Bank account and seized documents tie Sortu to ETA, state legal body says

Funds were destined for ETA prisoners; arrested terrorist confesses to two killings

The credibility of the Basque nationalist abertzale left and its renewed attempts under a fresh grouping, Sortu, to enter into political dialogue with the government received a series of blows on Thursday. The Solicitor General's Office was successful in stymieing Sortu's application to be enrolled on the political party register in a Supreme Court action, but the content of the state lawyers' petition was even more damaging to Sortu's leadership.

According to the solicitor general's appeal, formulated with reports from the police and Civil Guard, two of Sortu's members, José Javier Artola Zubillaga and Patxi Angulo Martín, are the holders of a bank account through which funds have been funneled to a support group for ETA prisoners. The finding, presented in the Supreme Court by Solicitor General Joaquín de Fuentes Bardají, "demonstrates juridically that Sortu is a continuation of Batasuna," the political wing of ETA outlawed in 2003.

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The emergence of the bank account, held at Caja Laboral Popular, has also lent weight to the government's attempts to demonstrate a "direct connection" between Sortu and ETA. The final destination of monies deposited into the account, according to the Solicitor General's Office, are "members of ETA in prison."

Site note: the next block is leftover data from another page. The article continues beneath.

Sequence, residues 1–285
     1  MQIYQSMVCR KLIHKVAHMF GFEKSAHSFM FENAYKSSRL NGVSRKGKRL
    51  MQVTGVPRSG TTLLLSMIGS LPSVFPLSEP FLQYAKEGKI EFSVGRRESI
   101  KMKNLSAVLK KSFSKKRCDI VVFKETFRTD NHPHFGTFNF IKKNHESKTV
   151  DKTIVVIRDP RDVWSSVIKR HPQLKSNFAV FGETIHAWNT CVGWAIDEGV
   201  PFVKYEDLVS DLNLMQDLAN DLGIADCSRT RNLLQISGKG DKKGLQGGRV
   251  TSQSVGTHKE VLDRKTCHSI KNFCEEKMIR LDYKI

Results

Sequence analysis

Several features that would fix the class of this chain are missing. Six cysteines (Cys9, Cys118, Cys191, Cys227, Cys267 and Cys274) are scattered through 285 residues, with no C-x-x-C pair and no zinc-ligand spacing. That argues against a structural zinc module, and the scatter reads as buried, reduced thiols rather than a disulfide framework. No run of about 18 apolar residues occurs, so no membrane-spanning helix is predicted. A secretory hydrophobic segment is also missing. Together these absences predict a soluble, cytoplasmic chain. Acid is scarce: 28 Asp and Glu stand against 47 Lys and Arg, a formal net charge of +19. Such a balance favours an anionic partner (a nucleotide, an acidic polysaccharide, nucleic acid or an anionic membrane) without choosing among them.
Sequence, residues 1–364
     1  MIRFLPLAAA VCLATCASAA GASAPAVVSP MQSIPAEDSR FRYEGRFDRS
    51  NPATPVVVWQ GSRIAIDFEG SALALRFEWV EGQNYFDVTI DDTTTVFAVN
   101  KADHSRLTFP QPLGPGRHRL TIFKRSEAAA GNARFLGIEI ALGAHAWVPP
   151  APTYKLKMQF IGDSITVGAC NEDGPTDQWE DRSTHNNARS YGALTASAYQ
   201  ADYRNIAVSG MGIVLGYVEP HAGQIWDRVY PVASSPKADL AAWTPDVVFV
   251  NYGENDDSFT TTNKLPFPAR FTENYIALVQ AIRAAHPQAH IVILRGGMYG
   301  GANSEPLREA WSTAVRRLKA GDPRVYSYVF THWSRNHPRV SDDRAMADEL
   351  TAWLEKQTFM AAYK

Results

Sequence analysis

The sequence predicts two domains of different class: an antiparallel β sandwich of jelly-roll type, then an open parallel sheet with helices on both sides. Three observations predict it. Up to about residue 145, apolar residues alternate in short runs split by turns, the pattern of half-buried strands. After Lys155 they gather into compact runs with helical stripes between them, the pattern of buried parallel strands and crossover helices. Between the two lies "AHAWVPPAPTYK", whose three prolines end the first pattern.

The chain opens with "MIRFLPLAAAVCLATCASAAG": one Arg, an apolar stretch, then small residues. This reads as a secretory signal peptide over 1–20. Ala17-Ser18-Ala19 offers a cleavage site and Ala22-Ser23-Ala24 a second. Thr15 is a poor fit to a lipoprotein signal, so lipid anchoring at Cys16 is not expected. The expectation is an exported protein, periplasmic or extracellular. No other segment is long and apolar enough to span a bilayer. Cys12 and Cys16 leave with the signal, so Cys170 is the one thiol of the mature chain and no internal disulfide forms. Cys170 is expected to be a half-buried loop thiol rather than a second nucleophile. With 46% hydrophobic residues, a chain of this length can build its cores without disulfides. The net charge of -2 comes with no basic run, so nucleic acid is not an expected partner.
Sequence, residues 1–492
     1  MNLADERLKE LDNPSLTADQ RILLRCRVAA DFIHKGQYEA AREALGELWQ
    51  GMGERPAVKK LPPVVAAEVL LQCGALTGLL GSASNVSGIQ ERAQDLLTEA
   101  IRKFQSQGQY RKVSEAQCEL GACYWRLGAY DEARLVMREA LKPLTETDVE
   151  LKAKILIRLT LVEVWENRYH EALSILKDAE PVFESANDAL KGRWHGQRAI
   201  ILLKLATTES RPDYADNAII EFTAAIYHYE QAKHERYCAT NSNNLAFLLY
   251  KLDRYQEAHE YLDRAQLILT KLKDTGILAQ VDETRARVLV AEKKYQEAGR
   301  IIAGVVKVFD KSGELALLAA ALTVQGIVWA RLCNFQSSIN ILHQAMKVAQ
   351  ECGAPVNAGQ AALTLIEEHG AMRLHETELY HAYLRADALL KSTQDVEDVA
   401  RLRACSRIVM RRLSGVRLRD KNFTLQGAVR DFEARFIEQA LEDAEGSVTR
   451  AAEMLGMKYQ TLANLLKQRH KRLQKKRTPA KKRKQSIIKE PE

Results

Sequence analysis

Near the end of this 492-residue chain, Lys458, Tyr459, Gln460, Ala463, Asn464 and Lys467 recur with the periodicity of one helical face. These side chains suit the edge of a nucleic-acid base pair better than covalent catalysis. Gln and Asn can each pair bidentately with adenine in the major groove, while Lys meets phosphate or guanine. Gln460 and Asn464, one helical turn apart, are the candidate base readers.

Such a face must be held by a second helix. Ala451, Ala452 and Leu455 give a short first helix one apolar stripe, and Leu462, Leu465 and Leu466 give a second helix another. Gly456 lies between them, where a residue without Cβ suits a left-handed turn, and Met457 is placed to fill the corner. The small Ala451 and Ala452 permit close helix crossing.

In a related discovery, Sonia Respaldiza, a member of Sortu's leadership, appears named in documents seized during the arrest of former leader of ETA's military operations, Ibón Fernández Iradi. In the documents, Respaldiza is identified as a "somebody who has had conversations to join ETA." In the solicitor general's statement, it is charged that Respaldiza's links to the terrorist group are not limited to "work in certain structures," but could include "her integration in an armed cell."

The government, which presented its own intervention in the court, concurs with the findings of its legal services that Sortu is a continuation of Batasuna. "The attempt to form a new party is part of a synchronized political strategy of which ETA is the driver and principal actor," the government document read.

Sortu has yet to comment on the arrest on Tuesday of an ETA cell in Vizcaya. The cell, a so-called comando legal, whose members had not previously been arrested, was formed by Lorena López Díez, Iñigo Zapirain Romano, Beatriz Etxeberría Caballero and Daniel Pastor Alonso. In raids by the Civil Guard at four addresses, 200 kilos of explosives and assorted firearms were recovered. Also seized was detailed documentation on possible targets, including members of the judiciary and the Ertzaintza, the Basque police force.

What remains unknown is whether the information was recently collated or pertains to before ETA announced a unilateral ceasefire on January 10. Sources close to the case believe that the cell had been ordered not to mount any attacks while the truce is ongoing.

Romano confessed in the presence of his lawyer to involvement in no fewer than 12 attacks, including the murder of police inspector Eduardo Puelles in 2009 and warrant officer Luis Conde de la Cruz in Santoña in a car bomb attack in September 2008. He also confessed that the cell, which had been active since 2006, was behind an attempted massacre at a Civil Guard barracks in Burgos in 2009.

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